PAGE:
When I first heard the government had shut down, I felt nonchalant about the circumstance. But when my family began to reap the consequences, the reality of how vital government is really hit home.
On Oct. 1, the government officially closed its doors because Congress could not pass the federal budget for the fiscal year.
In the Constitution, this is achieved when both the House and Senate agree upon a budget and send it to the president for his signature or veto.
Ironically, even during a government shutdown, government officials – members of Congress, governors, senators, etc. – still receive a paycheck. However, my father, a 47-year-old retired veteran who has served his country since the he was 18, has not been paid.
I received a late-night phone call on Sept. 30 from my father that quickly turned into a reality check. My father told me that he transferred money into my account. Of course, I was excited, but his words that followed really ended the celebration.
The reason that he sent me the money was because he will not be getting his veteran retirement benefits until the government reopens.
According to usa.gov, veterans’ compensation, pension, education and other benefits have been discontinued until further notice. Many federal employees charged with protecting us from terrorist threats, defending our borders, inspecting our food and keeping our skies safe will continue to work without pay until the shutdown ends.
To make matters worse, my father, who also works part time for the Transportation Security Administration at San Antonio International Airport, was written a furlough letter by his supervisor on Oct. 1, granting him an approved leave of absence from duty.
In the letter, his supervisor advised him that he can continue working at his post, but he will not be receiving a paycheck for his work. My father promptly responded that he cannot work for IOUs, but he hasn’t stopped working since.
In the days since the shutdown, negotiations have been in the works between the Republican and Democratic parties. Neither side has come to an agreement and there isn’t any indication that the government will reopen.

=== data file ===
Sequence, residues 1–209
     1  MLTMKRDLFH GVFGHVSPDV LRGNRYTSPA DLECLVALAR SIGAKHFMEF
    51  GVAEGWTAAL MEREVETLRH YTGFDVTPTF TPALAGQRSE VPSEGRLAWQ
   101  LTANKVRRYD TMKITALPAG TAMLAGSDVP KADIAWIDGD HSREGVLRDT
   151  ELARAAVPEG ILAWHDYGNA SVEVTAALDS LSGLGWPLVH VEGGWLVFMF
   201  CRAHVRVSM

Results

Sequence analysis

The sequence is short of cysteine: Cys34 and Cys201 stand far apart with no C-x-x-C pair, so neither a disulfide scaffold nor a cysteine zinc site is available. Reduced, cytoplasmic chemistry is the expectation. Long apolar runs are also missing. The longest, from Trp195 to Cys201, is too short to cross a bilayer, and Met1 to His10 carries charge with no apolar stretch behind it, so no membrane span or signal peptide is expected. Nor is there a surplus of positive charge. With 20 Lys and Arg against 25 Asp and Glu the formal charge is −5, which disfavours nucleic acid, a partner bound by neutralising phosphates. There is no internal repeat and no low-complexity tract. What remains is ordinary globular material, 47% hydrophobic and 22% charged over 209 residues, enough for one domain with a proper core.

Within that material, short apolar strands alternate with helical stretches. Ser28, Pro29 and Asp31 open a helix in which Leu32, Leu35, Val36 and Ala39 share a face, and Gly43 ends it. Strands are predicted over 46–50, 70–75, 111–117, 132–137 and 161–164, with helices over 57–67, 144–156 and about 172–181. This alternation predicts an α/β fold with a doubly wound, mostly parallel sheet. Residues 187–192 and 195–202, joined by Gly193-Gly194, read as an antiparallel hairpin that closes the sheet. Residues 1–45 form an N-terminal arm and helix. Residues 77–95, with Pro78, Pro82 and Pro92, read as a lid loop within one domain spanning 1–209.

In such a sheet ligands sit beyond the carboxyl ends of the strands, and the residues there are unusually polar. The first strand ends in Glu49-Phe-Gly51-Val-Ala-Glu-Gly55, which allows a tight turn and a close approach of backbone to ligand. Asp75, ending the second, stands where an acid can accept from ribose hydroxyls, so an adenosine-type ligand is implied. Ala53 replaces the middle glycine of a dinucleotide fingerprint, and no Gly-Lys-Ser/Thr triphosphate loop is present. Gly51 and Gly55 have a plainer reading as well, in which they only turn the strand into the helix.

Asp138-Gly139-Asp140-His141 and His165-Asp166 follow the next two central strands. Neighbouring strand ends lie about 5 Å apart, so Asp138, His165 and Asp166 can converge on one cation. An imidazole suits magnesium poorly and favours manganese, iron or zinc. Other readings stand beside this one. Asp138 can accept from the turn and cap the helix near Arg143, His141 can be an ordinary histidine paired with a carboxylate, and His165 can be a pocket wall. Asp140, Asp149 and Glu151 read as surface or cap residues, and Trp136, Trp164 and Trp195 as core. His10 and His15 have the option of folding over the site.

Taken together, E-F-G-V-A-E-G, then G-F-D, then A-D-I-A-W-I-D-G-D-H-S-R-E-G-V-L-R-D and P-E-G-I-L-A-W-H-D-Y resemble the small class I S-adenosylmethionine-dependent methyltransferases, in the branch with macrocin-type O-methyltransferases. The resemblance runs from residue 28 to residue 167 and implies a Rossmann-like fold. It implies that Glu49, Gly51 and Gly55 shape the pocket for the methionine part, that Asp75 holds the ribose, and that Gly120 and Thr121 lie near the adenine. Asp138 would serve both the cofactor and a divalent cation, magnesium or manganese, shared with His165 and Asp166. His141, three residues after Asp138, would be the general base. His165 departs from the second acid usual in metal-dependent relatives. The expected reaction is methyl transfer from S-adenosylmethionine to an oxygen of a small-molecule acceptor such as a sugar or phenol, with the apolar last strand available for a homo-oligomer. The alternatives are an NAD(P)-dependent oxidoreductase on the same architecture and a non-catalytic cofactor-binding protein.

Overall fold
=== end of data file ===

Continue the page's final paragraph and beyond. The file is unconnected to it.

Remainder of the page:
President Barack Obama said he doesn’t want to negotiate with someone who is supposed to be doing his or her job, in a speech given at the White House on Oct. 9.
“Members of Congress and the House Republicans, in particular, don’t get to demand ransom in exchange for doing their jobs,” Obama said. “And two of their very basic jobs are passing a budget and making sure that America is paying its bills.”
I reminisce back to 2009 during my senior year at Blountstown High School in Blountstown, Fla., where my American government teacher read a famous quote from U.S. President Thomas Jefferson that parallels our current status quo.
“A government big enough to give you everything you need is a government big enough to take away everything that you have.”
I never realized how much power the government had until it decided to shut its doors.
The lack of communication between government officials is very disappointing. At first, I thought government officials were being malicious for no apparent reason. I then realized that these officials were not appointed, but they were elected.
Maybe the American people are partially to blame as well.